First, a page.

Network Troubleshooting: TCP SACK Analysis
In my last article I explained why it's important to review your IP MTU and TCP maximum segment size (MSS) values in network performance analysis. In this article, I will look at the TCP selective acknowledgement (SACK) option when network troubleshooting.
You may think there isn't much you can do when you have TCP retransmissions, but SACK can help reduce the number of packets retransmitted. It makes for a more efficient transmission algorithm, so it's important to check your traces to see if you are using SACK.
Before I explain the SACK option, let's quickly review TCP SEQ/ACK.
Sequence number (SEQ):
- 32-bit value to track what was transmitted
- I don’t know of any special formula or requirement used to determine the starting sequence number; it’s a random number
Acknowledgement number (ACK):
- 32-bit value to track to indicate what was received
- The formula is simply Sequence + TCP Length = ACK, except during synchronization (SYN).
Here’s where you need to understand your network protocol analyzer of choice since many of them will display a value relative to the start of the session.
In the screenshots below I show you the difference between having relative sequence values enabled and disabled in Wireshark; the choice is controlled via your TCP protocol preferences. Also notice in the screenshots that both ACK and SEQ are affected by this setting.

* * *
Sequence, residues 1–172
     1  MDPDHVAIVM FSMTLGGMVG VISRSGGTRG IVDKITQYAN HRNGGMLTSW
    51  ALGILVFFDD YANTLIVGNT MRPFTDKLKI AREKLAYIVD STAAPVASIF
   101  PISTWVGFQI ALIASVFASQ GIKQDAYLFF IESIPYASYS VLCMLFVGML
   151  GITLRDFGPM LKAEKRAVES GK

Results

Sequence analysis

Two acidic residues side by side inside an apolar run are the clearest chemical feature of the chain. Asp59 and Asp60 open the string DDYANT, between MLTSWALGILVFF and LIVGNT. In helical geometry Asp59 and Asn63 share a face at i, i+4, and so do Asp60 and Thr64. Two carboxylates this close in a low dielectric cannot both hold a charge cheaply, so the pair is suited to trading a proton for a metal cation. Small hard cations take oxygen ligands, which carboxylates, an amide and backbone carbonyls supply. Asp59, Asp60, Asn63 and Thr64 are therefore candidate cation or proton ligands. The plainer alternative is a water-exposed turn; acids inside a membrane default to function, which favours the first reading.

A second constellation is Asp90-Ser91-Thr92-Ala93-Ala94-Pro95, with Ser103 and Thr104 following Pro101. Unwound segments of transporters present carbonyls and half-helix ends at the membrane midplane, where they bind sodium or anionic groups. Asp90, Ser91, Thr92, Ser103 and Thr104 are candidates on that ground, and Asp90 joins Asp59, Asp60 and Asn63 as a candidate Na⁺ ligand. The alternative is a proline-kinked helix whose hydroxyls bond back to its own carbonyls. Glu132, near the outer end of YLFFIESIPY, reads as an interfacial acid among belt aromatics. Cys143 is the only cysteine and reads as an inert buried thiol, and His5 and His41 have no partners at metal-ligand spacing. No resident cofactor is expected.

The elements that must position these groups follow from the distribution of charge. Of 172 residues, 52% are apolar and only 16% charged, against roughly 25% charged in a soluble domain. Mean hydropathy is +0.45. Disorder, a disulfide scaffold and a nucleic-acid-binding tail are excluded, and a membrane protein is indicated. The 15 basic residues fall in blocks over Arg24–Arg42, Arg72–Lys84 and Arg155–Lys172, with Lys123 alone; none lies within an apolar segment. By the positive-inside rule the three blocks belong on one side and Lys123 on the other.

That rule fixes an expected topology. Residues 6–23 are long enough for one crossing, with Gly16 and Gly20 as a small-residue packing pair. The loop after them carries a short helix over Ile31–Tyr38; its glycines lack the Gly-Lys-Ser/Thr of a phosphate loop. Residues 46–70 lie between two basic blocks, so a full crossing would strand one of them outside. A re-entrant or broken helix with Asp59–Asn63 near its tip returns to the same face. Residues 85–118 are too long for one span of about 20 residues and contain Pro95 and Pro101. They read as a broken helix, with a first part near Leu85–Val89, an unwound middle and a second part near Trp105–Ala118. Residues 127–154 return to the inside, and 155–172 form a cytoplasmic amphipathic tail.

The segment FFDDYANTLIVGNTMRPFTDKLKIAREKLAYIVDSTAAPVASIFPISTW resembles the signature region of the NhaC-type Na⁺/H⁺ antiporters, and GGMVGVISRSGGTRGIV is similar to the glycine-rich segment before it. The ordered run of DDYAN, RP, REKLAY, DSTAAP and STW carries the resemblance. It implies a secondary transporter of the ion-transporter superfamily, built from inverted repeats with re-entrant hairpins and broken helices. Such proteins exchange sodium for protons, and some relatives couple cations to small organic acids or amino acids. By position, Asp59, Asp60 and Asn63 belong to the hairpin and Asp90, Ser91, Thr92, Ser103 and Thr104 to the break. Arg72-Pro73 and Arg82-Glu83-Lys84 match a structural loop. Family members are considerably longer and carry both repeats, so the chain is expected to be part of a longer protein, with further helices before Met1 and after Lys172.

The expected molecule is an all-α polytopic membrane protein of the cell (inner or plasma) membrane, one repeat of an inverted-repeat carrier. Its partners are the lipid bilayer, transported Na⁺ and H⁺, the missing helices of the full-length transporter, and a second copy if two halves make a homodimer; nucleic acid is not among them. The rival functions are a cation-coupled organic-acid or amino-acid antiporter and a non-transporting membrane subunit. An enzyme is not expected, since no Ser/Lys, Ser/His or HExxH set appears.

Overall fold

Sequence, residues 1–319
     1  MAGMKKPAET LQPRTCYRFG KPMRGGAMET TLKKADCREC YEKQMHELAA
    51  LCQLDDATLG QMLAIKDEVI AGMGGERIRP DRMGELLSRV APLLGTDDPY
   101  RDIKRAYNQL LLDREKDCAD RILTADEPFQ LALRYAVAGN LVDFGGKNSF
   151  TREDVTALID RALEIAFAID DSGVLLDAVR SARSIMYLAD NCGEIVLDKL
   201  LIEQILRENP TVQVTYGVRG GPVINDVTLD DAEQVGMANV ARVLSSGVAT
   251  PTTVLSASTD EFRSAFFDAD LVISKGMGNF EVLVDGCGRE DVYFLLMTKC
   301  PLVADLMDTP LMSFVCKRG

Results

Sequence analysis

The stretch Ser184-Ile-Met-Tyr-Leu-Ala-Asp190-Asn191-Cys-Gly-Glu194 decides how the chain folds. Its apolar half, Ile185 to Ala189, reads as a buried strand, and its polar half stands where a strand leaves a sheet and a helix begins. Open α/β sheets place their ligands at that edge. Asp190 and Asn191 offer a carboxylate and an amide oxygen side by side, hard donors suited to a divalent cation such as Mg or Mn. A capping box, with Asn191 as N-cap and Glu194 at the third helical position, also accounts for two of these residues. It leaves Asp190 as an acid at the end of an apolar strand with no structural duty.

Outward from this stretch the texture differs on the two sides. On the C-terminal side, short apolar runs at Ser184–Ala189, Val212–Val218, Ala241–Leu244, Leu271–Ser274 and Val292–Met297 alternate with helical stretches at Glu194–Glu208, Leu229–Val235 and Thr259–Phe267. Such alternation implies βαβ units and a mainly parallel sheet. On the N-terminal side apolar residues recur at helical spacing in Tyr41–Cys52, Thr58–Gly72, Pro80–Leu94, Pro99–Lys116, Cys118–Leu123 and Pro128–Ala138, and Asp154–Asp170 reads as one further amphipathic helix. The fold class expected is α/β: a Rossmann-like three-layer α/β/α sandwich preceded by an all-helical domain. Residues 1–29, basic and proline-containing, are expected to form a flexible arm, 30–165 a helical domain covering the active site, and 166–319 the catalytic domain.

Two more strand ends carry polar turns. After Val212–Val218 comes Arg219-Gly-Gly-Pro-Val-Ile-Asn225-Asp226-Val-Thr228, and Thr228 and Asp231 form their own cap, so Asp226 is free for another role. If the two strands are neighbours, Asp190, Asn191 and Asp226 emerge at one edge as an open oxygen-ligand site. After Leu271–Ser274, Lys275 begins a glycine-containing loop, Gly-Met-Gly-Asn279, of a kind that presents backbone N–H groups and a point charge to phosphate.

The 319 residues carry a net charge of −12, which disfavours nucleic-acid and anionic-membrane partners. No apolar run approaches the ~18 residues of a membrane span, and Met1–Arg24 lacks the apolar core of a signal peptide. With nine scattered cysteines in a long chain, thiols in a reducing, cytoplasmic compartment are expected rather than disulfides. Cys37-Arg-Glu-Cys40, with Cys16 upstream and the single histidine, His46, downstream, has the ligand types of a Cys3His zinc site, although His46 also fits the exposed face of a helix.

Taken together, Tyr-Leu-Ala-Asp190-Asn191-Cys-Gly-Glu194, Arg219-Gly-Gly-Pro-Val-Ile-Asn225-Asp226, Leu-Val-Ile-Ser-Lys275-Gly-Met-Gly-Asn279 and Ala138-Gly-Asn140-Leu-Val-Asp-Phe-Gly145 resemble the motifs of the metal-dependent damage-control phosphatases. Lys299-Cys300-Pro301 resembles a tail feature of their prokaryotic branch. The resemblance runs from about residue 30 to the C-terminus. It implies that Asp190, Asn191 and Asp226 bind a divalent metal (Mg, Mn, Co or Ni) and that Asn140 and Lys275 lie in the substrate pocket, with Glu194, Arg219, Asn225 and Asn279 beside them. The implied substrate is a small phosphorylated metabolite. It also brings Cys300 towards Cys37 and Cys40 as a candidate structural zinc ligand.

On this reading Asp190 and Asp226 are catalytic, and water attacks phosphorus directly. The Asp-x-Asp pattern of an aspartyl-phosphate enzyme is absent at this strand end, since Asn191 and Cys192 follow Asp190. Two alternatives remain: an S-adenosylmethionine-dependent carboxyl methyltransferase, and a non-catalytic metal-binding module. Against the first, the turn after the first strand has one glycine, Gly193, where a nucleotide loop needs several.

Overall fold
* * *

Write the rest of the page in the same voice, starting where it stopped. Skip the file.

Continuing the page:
This can be an issue when you are trying to find the same packet in two different tools. It doesn’t matter if you are looking at a log or another trace file, having the same sequence number format is a big deal.
Relative sequence numbers on:
Relative sequence numbers off:
SACK numbers are a more efficient way of retransmitting lost packets. Traditionally, lost packets will result in a retransmission of lost and some received packets since the receiver can only tell the sender the last contiguous sequence number received. SACK will define a range of what was received.
In the diagram below you can see that packets 1 through 8 were transmitted, but 4 and 5 never arrived. Since both devices support SACK, the receiver can tell the sender exactly which segments were received.
For this to work properly, you need to ensure that SACK is permitted or configured for both devices by reviewing the TCP SYN packet. As you can see below, the client (first packet) supports it, but not the HTTP server (second packet). You can tell which is which by looking at the port numbers.
And when you encounter packet loss with SACK Permitted on both ends, you will see a reference to the Selective Left and Right Edge. These values will be shown as SLE and SRE.
The main point to keep in mind is that SACK will only help if you have a network that has a lot of retransmissions. For example, if you are on the same switch or LAN as your server and all is done correctly, SACK won’t help. Please don’t forget that these are just TCP options, so UDP-based applications will not benefit from SACK.
Recommended For You
Network security is complex and challenging. If you want to strengthen your network security, never follow these four tips.
In the case of cloud-deployed systems that have exposed our data, that silver lining is that we know more about where and how these breaches occur.
IT and security teams must work together to ensure a company’s entire infrastructure is protected, regardless if workloads are run on-premises or in the cloud.
Intent-based segmentation can interpret business and security requirements and converts that into a segmentation policy that protects and isolates resources.
DNSSEC authentication helps to ensure that a compromised DNS server won't send you to a hijacked server when you point a browser to a specific domain name.